The rich and fascinating history of the scientific revolution of the Victorian Era, leading to transformative advances in the twentieth and twenty-first centuries.
The Victorians invented the idea of the future. They saw it as an undiscovered country, one ripe for exploration and colonization. And to get us there, they created a new way of ordering and transforming nature, built on grand designs and the mass-mobilization of the resources of the British Empire.
With their expert culture of accuracy and precision, they created telegraphs and telephones, electric trams and railways, built machines that could think, and devised engines that could reach for the skies. When Cyrus Field’s audacious plan to lay a telegraph cable across the Atlantic finally succeeded in 1866, it showed how science, properly disciplined, could make new worlds. As crowds flocked to the Great Exhibition of 1851 and the exhibitions its success inaugurated, they came to see the future made fact—to see the future being built before their eyes.
In this rich and absorbing book, a distinguished historian of science tells the story of how this future was made. From Charles Babbage’s dream of mechanizing mathematics to Isambard Kingdom Brunel’s tunnel beneath the Thames to George’s Cayley’s fantasies of powered flight and Nikola Tesla’s visions of an electrical world, it is a story of towering personalities, clashing ambitions, furious rivalries and conflicting cultures—a rich tapestry of remarkable lives that transformed the world beyond recognition and ultimately took mankind to the Moon.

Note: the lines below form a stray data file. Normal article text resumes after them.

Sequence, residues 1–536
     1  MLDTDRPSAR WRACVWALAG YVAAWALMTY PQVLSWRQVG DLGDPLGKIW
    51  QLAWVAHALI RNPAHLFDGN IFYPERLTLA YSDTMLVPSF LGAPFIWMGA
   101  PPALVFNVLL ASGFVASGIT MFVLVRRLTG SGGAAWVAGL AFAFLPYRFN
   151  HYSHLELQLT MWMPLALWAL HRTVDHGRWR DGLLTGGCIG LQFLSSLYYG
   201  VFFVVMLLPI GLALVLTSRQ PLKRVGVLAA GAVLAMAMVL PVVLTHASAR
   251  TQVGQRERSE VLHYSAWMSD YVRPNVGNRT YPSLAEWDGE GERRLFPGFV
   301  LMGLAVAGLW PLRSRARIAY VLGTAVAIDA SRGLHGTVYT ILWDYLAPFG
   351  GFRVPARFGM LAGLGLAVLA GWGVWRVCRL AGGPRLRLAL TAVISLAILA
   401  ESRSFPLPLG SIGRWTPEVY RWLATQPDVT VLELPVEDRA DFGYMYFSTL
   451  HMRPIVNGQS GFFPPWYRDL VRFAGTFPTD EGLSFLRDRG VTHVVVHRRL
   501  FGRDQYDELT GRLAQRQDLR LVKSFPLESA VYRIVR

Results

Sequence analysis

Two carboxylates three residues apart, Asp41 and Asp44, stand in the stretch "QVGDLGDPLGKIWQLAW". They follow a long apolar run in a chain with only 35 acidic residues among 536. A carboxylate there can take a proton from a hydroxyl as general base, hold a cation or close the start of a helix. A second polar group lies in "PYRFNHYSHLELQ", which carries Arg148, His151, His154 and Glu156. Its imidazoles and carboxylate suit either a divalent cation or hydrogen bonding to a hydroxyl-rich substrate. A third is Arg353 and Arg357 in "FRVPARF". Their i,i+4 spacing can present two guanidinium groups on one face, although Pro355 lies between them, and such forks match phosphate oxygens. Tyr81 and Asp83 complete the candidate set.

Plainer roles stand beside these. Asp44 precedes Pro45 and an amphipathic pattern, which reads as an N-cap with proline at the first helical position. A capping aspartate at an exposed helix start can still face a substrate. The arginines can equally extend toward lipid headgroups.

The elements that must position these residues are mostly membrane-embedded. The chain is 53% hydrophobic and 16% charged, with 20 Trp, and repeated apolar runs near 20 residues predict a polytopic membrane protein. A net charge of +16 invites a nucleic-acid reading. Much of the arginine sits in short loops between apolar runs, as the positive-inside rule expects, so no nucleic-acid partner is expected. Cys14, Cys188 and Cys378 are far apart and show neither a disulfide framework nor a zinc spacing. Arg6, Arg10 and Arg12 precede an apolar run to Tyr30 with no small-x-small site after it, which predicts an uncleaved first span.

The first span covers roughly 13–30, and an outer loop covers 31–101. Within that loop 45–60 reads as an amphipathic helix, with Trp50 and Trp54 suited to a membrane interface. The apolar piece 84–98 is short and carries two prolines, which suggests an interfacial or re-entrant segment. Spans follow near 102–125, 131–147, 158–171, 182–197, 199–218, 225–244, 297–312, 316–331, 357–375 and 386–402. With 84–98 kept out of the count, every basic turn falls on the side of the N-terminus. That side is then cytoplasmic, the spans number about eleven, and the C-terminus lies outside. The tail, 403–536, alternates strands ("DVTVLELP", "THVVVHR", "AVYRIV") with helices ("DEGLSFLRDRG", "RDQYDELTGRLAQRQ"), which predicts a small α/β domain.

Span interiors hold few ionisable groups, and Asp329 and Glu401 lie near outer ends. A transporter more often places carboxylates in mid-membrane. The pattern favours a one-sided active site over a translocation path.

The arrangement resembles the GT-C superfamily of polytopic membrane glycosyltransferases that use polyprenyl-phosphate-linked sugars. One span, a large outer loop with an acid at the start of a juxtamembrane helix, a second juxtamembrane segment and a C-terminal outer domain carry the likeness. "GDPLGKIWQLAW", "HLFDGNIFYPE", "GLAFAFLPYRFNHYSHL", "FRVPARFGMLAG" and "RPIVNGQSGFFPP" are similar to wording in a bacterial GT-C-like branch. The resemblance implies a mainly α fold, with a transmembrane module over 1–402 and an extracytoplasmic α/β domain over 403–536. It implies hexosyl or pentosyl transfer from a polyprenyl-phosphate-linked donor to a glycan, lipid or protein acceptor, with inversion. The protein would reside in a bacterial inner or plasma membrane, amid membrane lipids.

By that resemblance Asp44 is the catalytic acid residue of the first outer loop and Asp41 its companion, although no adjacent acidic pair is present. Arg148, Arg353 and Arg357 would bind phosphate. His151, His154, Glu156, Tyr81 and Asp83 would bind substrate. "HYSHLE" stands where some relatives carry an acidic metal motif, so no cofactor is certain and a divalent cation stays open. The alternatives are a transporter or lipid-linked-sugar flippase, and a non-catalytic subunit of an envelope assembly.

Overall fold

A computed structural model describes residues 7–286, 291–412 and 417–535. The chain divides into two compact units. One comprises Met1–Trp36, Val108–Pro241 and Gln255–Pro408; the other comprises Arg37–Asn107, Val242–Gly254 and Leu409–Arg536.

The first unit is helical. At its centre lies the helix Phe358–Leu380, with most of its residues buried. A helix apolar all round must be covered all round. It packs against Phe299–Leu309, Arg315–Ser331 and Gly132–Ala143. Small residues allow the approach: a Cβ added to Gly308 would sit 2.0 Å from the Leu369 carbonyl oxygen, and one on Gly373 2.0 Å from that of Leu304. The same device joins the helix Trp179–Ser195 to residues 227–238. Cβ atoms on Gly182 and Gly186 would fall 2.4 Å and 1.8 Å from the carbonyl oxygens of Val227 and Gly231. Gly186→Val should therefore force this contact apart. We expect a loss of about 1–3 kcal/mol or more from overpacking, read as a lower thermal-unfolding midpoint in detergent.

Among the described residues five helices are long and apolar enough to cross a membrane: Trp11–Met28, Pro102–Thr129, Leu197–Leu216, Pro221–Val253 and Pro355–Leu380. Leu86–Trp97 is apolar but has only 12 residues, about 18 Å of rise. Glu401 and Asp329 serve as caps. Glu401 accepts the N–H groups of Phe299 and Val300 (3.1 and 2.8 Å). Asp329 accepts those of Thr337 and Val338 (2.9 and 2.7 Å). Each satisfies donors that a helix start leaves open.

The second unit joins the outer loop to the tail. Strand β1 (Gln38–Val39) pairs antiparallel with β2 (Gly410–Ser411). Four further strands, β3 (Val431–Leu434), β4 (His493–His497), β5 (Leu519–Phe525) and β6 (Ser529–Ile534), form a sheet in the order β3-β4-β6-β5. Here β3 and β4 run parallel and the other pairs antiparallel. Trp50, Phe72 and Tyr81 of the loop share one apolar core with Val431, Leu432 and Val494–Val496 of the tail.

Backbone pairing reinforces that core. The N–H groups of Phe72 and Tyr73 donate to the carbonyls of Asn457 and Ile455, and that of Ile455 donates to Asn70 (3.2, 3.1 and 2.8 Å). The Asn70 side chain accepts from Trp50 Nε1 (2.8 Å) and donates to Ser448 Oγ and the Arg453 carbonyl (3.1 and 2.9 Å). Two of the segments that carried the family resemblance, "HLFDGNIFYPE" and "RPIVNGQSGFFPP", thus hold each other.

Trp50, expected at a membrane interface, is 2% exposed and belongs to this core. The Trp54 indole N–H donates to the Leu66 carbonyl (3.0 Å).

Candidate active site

About the Author
Iwan Rhys MorusholdsPhDs in the history and philosophy of science from the University of Cambridge. He has spent much of his career working on the history of science during the nineteenth century, including the development of new electrical technologies, the popular culture of science, and the history of ideas about the relationship of electricity and the human body. Iran has authored or edited ten books published in Britain,and he is a regular contributor to BBC Radio 4’s "In our Time” and "Great Lives.” He lives in Wales.
“This thematic summary of the influence of Victorian innovation goes beyond the well-known names. Recommended for history of science audiences.”
— -Library Journal
Praise for Iwan Rhys Morus:
"A real landmark. Finally, two first-rate academic historians--one a specialist in biological and earth sciences, one in physical sciences—both firmly committed to sociological, contextual approaches, offer an overview of their discipline.” — Times Higher Education
"An accessible, well-written book, with many nuanced and fascinating stories of individual sciences and the communities of science. An ambitious and successful introduction to the history of science.” — International Studies in the Philosophy of Science
"Attractively illustrated and easy to use, the book explains difficult scientific and philosophical issues in brief and often surprisingly clear terms. The field of history of science has been calling out for a book just like this one.” — Science
"This delightfully written book traces the evolution of the subject. The book is informative, well structured and a joy to read. It ought to appeal not only to the relatively narrow audience of science historians, but to working physicists and to the general public.” — Contemporary Physics
"A masterfully written historical analysis. The book, which fills most admirably a huge gap in the secondary literature, is a 'must read' for undergraduates. I also highly recommend it to historians of science and technology; to general historians, and to scientists, for the sense it provides of the importance of sociocultural context to scientific content.” — American Scientist
"Morus's excellent history of physics in the nineteenth century, When Physics Became King, considers the field in an age when physics and physicists came to play a prominent role in the culture. A few good histories of physics exist—but none as readable or comprehensive as Morus's superb book.” — Physics Today